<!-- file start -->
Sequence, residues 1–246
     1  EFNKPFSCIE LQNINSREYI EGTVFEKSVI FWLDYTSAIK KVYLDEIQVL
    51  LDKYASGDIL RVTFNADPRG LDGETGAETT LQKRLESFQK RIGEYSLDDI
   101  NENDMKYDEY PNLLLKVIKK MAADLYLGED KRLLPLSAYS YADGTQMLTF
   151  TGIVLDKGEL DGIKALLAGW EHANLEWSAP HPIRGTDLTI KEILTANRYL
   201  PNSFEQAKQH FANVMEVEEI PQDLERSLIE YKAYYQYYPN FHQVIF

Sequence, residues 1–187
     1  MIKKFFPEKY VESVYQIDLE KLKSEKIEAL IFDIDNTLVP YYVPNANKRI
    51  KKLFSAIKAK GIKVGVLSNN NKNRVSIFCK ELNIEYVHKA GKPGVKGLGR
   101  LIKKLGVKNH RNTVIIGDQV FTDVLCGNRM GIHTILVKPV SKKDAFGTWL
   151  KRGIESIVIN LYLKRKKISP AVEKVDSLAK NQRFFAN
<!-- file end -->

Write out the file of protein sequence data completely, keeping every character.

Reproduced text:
Sequence, residues 1–246
     1  EFNKPFSCIE LQNINSREYI EGTVFEKSVI FWLDYTSAIK KVYLDEIQVL
    51  LDKYASGDIL RVTFNADPRG LDGETGAETT LQKRLESFQK RIGEYSLDDI
   101  NENDMKYDEY PNLLLKVIKK MAADLYLGED KRLLPLSAYS YADGTQMLTF
   151  TGIVLDKGEL DGIKALLAGW EHANLEWSAP HPIRGTDLTI KEILTANRYL
   201  PNSFEQAKQH FANVMEVEEI PQDLERSLIE YKAYYQYYPN FHQVIF

Sequence, residues 1–187
     1  MIKKFFPEKY VESVYQIDLE KLKSEKIEAL IFDIDNTLVP YYVPNANKRI
    51  KKLFSAIKAK GIKVGVLSNN NKNRVSIFCK ELNIEYVHKA GKPGVKGLGR
   101  LIKKLGVKNH RNTVIIGDQV FTDVLCGNRM GIHTILVKPV SKKDAFGTWL
   151  KRGIESIVIN LYLKRKKISP AVEKVDSLAK NQRFFAN